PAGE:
Another Sacred Moment: Launching My First Book

Photo/KarenJordanIn my first post on the WordServe Water Cooler blog few years ago, I wrote about “Embracing Sacred Moments” in our lives. In that short piece, I mentioned a couple of writing firsts for me—my first contract to write an article for a well-respected publication and my first call from a WordServe agent, signing me as a client.

This month, I’m experiencing another first—the launch of my first book.

But as I prepared to write this book, a sudden and disturbing vivid memory emerged from a time when I stepped out of my comfort zone to serve. I still feel the embarrassment of that day when I helped prepare the noon meal after a revival service in my hometown church.

A million doubts and fears raced through my mind that morning. Was my skirt too short? Were my heels too high? Were my clothes too tight? Would someone ask me too much about my personal life? Why did I even come here in the first place?

Since I was the youngest and newest member of the ladies’ group helping that day, someone nominated me to pass out rolls to everyone.

I stacked the rolls high on a large platter, hoping to avoid a second trip to the kitchen. But as I pushed the swinging door open with my back, I tripped and fell to the floor, propelling everything across the room.

I can still recall everyone in the room gasping at the spectacle I had made of myself.

BookCover/WordsThatChangeEverythingAs I wrote my first book, Words That Change Everything, my old fears and worries resurfaced, reminding me of that humiliating experience. Do I dare expose more of my failures, worries, and vulnerabilities with an even larger audience? What if I make a total fool of myself again in front of my friends, family, and total strangers as they read some of my life stories?

Then, I remembered what I learned from my earlier failed attempt in serving others. Forty years after I humiliated myself in my home church, the pastor’s wife invited me to speak in that same fellowship hall at a women’s ministry event. And I shared my humiliating “tossed roll” story, revealing some of my own worries and vulnerability.

God gave me an opportunity to revisit and overcome a moment of failure in the same context and venue, four decades later, as I stood on this promise from God’s Word: “My grace is all you need. My power works best in weakness” (2 Cor. 12:9 NLT).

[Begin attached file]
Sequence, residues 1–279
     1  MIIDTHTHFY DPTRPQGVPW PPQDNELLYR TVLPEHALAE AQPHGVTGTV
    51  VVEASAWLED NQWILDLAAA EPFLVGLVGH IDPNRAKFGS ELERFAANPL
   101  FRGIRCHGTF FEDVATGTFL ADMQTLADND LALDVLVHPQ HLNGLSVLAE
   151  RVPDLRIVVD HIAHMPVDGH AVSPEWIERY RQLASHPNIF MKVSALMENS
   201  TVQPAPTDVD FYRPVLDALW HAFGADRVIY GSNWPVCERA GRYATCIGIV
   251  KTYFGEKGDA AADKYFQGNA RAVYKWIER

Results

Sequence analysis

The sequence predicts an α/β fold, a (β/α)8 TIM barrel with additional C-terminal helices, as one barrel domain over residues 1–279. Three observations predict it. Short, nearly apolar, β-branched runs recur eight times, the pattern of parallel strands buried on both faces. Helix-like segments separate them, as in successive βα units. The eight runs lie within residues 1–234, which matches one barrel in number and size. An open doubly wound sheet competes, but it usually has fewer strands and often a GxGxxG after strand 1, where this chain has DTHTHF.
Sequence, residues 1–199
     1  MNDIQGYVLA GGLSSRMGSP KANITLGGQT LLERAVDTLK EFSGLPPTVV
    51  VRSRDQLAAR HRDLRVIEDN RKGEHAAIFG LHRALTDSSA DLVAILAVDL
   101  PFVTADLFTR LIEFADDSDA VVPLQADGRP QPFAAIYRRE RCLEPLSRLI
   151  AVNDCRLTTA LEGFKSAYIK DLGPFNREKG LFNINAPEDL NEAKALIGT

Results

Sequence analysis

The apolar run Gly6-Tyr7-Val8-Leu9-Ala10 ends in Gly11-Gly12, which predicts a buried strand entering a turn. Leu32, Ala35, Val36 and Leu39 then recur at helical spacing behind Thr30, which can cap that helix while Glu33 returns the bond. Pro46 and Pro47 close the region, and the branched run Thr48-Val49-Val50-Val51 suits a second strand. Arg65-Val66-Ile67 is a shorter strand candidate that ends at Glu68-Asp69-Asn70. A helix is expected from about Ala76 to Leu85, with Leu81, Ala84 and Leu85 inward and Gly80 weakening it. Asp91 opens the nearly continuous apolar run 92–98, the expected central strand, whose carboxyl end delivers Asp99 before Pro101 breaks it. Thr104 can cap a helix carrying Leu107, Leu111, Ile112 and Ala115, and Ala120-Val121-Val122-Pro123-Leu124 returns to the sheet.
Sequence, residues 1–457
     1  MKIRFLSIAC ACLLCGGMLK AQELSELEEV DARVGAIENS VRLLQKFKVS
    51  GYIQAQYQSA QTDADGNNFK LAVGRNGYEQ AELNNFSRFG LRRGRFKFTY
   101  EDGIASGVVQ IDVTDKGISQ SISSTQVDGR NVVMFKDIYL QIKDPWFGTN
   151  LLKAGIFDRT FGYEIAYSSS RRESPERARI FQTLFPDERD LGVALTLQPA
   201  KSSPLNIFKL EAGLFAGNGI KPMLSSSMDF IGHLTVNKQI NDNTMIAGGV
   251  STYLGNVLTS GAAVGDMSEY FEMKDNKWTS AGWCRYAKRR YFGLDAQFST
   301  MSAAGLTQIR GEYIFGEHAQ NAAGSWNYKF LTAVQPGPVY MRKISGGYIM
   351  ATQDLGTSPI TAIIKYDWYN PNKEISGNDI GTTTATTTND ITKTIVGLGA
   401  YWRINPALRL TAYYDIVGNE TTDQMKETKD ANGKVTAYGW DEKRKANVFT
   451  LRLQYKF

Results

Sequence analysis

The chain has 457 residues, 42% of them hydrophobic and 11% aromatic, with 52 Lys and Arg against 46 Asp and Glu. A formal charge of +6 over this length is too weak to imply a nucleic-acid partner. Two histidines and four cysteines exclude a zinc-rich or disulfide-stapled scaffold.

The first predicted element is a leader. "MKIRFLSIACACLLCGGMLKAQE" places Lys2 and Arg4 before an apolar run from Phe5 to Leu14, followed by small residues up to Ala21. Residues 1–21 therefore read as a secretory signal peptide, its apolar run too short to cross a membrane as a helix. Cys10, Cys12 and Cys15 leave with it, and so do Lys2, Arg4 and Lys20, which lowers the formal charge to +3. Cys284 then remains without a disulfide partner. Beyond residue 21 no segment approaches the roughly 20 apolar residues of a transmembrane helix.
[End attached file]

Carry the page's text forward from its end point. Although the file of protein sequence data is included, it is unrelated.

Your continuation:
So, even though I’m a little apprehensive about revealing some of my most intimate stories in my first book, I’m excited to share my story with the world—Words That Change Everything: Speaking Truth to Your Soul.

Why? Because I also believe in the power of story—as we share the stories that matter most, lives change and hearts heal.

Did my story remind you of a story in your own life?

5 Tips for Sharing Your Faith Stories

imageThe Bible encourages Christ followers to share their life lessons of faith with others.

Men. The apostle Paul gave Titus this advice as he prepared to teach men.

.  .  .  talk to them; give them a good, healthy diet of solid teaching so they will know the right way to live  .  .  .  teach the older men (to) enjoy everything in moderation, respect yourselves and others, be sensible, and dedicate yourselves to living an unbroken faith demonstrated by your love and perseverance.” (Titus 2:1 The Message).

Women. Paul also gave Titus instructions about teaching the older women, offering him some instructions concerning issues that concern all women (Titus 2:3-5).

Today. We might be able to glean some good stories with writing prompts from these passages. But how can we share our own faith if we can’t communicate our personal stories, identifying the stories that matter most to us?

As I prepared to speak to a group of Christian women, encouraging them to share their faith stores, I recalled an important challenge in 1 Peter 3:15: “Always be prepared to give an answer to everyone who asks you to give the reason for the hope that you have” (NIV).

Prompts. The following writing prompts helped me prepare to tell my faith story, particularly my personal “come to Jesus” experience.

  1. Before Christ. How would you characterize your life before you trusted in Jesus Christ? [Attitudes, emotions, concerns . . . ]
  2. Faith Crisis. What were the circumstances in your life that led you to trust Jesus Christ as Savior?
  3. Salvation. When and how did you respond to accepting Jesus Christ as your personal Savior?
  4. Christ follower. How would you characterize your life today since you chose to follow Christ? How is your life different now?
  5. Scripture Promises. What Bible verses have helped through a crisis of faith?

What resource or practice has helped you communicate your faith stories?

6 Questions and Ideas for Your Writing Reflections

Photo/KarenJordan

“[T]ake chances, make mistakes, get messy!” (Magic School Bus)

Do you tend to focus most on your grammar and mechanics when you self-edit? I do.

I want to offer you some questions and ideas that will help to get you out of the “grammar cop” mode and into a more reflective mood.

Writing instructor. I compiled this list of questions as a writing instructor at the University of Arkansas at Little Rock. I offered these questions to my students to help them in their revision process with their papers.

I’m not sure where I got most of these reflective questions. Writing instructors tend to do a lot of “academic borrowing.” If you teach, you know exactly what I mean.

Professional writer. I also try to remember to ask myself the following questions when I’m reflecting on my own work, so I won’t be so critical of my own work. I tend to be a bit of a self-deprecating perfectionist at times.

I offer the questions and ideas to reflect on your work. I hope it will encourage you to tell the stories that matter most to you. So, let me know if they help you. [You can share your thoughts in the comment section below.]

Consider these questions/ideas as you reflect on your next project:

  1. Who do you imagine might be the audience for this story? (Self, parent, child, writing group, etc.) What details did you include for your audience?